Jet! The comet that the Rosetta spacecraft is visiting is shedding more dust as machine and Solar System body get closer to the Sun.
While activity was first seen at the “neck” of the rubber-duckie shaped comet a few weeks ago, now scientists are seeing jets spring from across the comet.
This is just one signal of cometary activity picking up as 67P gets closer to the Sun. For the moment, it appears the prime landing site is still safe enough for Philae to land on Nov. 19, officials said, while noting there is a jet about a kilometer away that the lander can study when it gets there.
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“At this point, we believe that a large fraction of the illuminated comet’s surface is displaying some level of activity,” stated Jean-Baptiste Vincent a scientist from the Optical, Spectroscopic, and Infrared Remote Imaging System (OSIRIS) that took the pictures. He is with the Max Planck Institute for Solar System Research in Germany.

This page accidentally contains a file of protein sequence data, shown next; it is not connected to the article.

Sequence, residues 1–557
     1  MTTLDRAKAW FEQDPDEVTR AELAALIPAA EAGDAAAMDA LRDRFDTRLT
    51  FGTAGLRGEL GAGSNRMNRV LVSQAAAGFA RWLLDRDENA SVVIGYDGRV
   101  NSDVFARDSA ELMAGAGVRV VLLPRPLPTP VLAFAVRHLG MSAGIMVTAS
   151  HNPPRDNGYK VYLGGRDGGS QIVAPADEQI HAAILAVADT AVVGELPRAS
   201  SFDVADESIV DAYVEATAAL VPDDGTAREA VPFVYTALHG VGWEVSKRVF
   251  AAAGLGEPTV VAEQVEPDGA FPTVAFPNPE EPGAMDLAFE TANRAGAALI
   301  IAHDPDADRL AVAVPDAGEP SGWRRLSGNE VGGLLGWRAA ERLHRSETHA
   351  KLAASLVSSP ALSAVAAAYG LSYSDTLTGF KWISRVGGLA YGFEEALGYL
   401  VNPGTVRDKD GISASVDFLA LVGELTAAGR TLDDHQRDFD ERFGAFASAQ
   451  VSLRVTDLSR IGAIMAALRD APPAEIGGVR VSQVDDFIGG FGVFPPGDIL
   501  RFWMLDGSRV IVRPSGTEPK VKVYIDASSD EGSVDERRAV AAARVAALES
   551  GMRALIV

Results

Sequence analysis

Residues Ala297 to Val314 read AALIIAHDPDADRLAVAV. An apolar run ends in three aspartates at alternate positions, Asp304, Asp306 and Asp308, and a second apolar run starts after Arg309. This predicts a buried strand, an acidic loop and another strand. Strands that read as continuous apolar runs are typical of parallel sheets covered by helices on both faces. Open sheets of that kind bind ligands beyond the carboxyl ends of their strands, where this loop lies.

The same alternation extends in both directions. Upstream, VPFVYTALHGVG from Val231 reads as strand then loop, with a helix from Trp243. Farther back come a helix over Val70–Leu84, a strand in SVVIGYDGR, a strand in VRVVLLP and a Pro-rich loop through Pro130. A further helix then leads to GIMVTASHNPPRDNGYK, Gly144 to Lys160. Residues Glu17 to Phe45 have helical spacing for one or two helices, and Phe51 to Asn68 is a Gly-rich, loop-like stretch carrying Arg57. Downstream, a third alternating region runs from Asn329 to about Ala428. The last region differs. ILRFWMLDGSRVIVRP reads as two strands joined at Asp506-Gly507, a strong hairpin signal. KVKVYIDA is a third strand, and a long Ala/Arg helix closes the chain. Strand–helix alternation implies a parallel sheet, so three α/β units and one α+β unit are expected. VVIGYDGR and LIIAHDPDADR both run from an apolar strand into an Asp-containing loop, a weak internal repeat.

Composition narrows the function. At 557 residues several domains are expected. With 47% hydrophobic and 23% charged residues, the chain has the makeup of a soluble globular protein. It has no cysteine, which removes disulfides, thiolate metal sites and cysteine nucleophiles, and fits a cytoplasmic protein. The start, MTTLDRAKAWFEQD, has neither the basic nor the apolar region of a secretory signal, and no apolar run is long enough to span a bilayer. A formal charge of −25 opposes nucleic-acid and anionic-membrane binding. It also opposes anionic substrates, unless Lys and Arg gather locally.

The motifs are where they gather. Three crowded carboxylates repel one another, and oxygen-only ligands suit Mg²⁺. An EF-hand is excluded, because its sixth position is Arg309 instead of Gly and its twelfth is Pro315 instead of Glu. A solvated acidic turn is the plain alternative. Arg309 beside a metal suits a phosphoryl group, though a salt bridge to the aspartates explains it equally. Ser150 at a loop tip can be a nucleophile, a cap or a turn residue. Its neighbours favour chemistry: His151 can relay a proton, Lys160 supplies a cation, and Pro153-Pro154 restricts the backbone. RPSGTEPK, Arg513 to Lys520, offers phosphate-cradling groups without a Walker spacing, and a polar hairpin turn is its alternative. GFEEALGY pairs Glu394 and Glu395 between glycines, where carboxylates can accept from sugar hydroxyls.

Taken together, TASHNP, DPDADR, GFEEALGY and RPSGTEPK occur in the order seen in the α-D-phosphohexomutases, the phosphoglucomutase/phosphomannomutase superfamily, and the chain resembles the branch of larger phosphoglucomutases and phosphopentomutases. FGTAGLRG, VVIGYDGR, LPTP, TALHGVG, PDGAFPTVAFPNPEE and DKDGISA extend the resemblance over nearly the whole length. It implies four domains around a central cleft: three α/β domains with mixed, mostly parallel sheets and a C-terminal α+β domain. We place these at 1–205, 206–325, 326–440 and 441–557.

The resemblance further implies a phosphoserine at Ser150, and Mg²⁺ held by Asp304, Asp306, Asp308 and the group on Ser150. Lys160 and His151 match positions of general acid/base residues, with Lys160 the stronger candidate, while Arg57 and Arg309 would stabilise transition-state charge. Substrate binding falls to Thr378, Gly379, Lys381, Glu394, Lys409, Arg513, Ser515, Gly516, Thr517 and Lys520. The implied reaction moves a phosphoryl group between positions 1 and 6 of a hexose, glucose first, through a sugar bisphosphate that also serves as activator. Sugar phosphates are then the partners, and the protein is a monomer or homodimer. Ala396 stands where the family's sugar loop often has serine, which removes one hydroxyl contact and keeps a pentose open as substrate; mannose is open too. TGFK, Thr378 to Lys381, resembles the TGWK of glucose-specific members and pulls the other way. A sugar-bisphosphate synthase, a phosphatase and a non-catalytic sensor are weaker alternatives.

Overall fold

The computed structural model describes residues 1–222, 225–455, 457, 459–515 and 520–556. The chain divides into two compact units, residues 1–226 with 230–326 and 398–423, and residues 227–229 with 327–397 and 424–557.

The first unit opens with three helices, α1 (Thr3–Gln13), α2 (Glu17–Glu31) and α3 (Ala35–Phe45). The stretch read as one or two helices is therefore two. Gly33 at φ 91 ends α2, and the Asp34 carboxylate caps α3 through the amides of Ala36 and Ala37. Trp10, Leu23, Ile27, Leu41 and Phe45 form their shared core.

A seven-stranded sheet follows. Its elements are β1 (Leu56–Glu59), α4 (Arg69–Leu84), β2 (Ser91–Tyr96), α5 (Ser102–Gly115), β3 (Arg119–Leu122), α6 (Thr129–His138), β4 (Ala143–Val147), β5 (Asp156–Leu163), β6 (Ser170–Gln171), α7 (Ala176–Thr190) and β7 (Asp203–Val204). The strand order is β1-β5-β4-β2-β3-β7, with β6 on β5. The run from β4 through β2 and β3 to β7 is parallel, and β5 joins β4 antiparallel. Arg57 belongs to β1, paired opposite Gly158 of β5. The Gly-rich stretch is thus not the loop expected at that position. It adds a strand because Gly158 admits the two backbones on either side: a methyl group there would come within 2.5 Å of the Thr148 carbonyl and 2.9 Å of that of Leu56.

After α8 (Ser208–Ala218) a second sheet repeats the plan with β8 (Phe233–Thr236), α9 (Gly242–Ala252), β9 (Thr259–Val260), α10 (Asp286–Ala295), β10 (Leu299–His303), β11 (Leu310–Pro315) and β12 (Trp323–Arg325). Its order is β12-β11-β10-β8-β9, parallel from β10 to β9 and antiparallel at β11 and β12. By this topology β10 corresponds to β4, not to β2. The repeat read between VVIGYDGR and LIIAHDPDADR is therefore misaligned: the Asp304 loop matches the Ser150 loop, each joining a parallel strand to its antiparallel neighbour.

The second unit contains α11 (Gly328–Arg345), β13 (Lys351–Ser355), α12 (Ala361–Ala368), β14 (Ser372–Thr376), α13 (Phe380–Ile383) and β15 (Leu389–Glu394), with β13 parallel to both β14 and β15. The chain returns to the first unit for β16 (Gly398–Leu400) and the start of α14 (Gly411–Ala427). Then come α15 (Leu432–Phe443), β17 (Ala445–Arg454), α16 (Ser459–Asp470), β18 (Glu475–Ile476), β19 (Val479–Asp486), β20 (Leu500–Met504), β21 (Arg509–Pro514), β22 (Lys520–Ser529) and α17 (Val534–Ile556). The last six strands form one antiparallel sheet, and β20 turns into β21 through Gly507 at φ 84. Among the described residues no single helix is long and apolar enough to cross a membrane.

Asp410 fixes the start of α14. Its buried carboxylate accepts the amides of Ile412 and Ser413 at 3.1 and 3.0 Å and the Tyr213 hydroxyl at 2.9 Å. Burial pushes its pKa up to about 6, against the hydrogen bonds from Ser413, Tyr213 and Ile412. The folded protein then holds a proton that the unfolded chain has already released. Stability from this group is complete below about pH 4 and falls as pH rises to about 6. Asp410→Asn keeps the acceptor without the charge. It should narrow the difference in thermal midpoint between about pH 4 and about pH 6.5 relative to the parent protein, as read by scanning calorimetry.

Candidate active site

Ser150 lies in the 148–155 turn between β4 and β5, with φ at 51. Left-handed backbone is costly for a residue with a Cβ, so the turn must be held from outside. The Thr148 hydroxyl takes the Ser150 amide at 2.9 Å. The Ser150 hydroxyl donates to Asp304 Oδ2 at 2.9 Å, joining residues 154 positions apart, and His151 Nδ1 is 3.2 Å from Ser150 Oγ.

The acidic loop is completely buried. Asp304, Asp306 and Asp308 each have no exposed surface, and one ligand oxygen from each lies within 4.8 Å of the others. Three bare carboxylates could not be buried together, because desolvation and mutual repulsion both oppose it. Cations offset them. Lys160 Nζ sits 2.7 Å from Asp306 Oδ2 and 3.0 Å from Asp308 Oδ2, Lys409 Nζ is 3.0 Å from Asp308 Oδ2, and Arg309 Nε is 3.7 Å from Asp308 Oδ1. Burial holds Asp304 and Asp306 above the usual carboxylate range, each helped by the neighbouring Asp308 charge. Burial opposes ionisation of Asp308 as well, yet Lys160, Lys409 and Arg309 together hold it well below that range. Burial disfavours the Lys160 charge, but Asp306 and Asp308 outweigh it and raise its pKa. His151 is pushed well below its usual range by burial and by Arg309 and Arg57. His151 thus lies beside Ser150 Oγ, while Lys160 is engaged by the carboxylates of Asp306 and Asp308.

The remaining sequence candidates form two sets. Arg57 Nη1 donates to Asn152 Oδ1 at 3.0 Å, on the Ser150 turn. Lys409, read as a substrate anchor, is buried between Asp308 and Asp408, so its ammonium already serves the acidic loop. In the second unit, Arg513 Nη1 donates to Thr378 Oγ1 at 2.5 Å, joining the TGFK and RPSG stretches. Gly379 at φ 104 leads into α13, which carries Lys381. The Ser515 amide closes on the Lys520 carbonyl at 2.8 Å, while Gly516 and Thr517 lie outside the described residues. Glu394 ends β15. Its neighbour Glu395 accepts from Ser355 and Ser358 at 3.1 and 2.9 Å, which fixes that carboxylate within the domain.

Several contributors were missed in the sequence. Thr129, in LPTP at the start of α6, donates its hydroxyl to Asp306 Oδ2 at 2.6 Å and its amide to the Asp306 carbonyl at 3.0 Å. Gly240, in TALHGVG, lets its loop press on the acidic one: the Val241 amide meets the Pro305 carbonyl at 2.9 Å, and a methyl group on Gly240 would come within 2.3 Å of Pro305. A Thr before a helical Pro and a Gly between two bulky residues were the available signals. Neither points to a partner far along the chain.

The comet is about 470 million kilometers (292 miles) from the Sun and will make its closest approach in 2015. Rosetta is the first mission to orbit a comet as it gets close to the Sun, and Philae (if successful) will make the first “soft” landing on a cometary surface.
Source: European Space Agency